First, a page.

‘My dad didn’t hunt or anything and the only gun he knew was the machine gun he’d been issued in the Vietnam war. So he just figured, “I’ll give him an M16.”
‘I thought it was normal. I took some kids into school in my car and I was like “hey do you want to see my M16?” Daily Mail
Young Dan apparently liked his quite unique present a lot and started collecting guns. Today, in his own words, he owns more than 100 different guns, and he believes they can be stylish accessories, if state law permits it.
I got all sorts of guns. I got functional guns, I got guns for looks, I got hunting rifles, and everything in between. complex.com
Watches are another passion of his and he spends a lot of money on them. Bilzerian says that his cheapest watch costs like $40,000. But for a person so preoccupied with the image he projects, he seems to care very little about clothing. Although he owns some very expensive articles of clothing, like a $40,000 Tom Ford suit, he spends most of his time wearing very simple combinations like simple black T-shirts and camo cargo pants. Dan Bilzerian just loves to dress as a free man and doesn’t believe that clothing has much to do with achieving success with women.
Just be confident, successful, funny, whatever it is, girls aren’t necessarily attracted like guys are. Guys are attracted based on looks 95% of the time. Girls are almost the opposite. Looks are a smaller factor. They’re more attracted to a confident guy, or a successful guy, or someone who makes them laugh, or makes them feel comfortable. complex.com
I guess these words make sense when they come from a multi-millionaire seemingly without a care in the world. Bilzerian doesn’t need to dress up since his simple black shirt must look way better when it’s on the guy driving a supercar powered by racing fuel. And he’s got quite a few to go around, including Lamborghini Aventador’s Bentley Continental and his prize possession – a rare aluminum AC Cobra with the license plate “SUCK IT” to go along. He also has, surprise-surprise, his own private jet that takes him pretty much anywhere he wants to go.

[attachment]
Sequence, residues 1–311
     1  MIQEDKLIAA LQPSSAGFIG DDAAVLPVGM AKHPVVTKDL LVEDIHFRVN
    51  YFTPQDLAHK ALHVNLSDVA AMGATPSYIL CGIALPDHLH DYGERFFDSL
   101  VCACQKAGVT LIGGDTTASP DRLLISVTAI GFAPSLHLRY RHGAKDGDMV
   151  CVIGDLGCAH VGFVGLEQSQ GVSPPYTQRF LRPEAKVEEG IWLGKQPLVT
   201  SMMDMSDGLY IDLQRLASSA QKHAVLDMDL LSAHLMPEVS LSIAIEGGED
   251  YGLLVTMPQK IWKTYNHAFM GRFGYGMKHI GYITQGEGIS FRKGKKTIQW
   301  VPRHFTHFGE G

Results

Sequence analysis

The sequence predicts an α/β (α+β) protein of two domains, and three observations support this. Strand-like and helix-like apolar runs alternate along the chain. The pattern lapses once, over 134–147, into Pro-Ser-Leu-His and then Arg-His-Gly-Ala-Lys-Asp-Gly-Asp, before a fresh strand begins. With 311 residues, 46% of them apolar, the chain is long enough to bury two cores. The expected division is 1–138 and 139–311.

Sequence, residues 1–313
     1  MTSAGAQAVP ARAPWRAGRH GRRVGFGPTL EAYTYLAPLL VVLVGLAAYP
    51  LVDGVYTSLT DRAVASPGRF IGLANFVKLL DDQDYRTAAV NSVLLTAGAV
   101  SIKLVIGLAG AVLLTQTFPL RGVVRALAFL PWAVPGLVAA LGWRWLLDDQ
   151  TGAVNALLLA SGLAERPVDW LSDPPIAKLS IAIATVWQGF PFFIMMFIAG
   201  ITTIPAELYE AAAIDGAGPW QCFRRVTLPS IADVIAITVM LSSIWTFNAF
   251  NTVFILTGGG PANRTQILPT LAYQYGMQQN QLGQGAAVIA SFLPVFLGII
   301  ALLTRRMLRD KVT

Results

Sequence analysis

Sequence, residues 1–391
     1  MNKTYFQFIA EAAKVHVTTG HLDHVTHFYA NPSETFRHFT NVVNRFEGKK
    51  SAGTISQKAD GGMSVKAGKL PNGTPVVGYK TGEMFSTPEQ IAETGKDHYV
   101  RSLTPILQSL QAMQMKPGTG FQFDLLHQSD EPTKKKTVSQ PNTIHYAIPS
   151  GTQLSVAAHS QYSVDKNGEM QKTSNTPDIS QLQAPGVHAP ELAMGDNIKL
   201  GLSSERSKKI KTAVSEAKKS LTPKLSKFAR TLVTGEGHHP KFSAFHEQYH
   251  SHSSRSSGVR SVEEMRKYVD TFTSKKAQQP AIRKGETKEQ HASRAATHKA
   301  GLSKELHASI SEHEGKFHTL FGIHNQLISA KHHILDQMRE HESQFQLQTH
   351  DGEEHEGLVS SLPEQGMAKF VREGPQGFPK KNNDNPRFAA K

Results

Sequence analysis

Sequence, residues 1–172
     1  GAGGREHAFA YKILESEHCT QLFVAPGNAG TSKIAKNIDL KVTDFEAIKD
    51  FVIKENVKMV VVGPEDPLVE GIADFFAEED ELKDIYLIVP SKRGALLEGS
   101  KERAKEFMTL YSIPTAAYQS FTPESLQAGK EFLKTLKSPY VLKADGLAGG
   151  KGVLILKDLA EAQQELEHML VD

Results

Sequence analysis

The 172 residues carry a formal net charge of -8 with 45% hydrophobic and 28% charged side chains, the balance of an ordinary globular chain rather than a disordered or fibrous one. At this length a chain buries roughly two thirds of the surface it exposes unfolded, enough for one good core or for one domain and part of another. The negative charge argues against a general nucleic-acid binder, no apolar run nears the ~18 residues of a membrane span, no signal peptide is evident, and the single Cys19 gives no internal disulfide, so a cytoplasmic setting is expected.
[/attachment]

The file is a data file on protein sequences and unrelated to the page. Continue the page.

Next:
But back to the topic of girls – Dan Bilzerian is certainly not lacking any in his life. He claims that his wealth doesn’t have much to do with his success with women – and without going into deeper discussion on the topic, let’s just take his word on that one. One thing is certain – he enjoys female company a lot.
Not surprisingly, he has no problems openly saying that he loves beautiful girls and doesn’t hold back at all on this topic.
But I’d take a chick who goes to the gym all the time and has a good body over a chick who covers it up well with good clothes. My feeling is, if they look good in a minimal amount of clothes, good. complex.com
Recently, Bilzerian has attracted a lot of attention from the poker community. Although he made his first attempts in poker back during his college days, it wasn’t really until 2013 that he garnered wider recognition. He was a Victory Poker pro player, but he doesn’t really see himself as a professional poker player.
For Bilzerian, poker is more like a favorite form of recreation, as he enjoys the adrenaline rushes that come with the game and with playing for hundreds of thousands. He admittedly doesn’t play with the pros, but instead plays in the private games with business guys and celebrities who are mostly playing for fun.
Despite claiming that he is not nearly the best player out there, Bilzerian still takes pride in what he has achieved in poker and thinks of himself as the Bill Gates of poker because of this.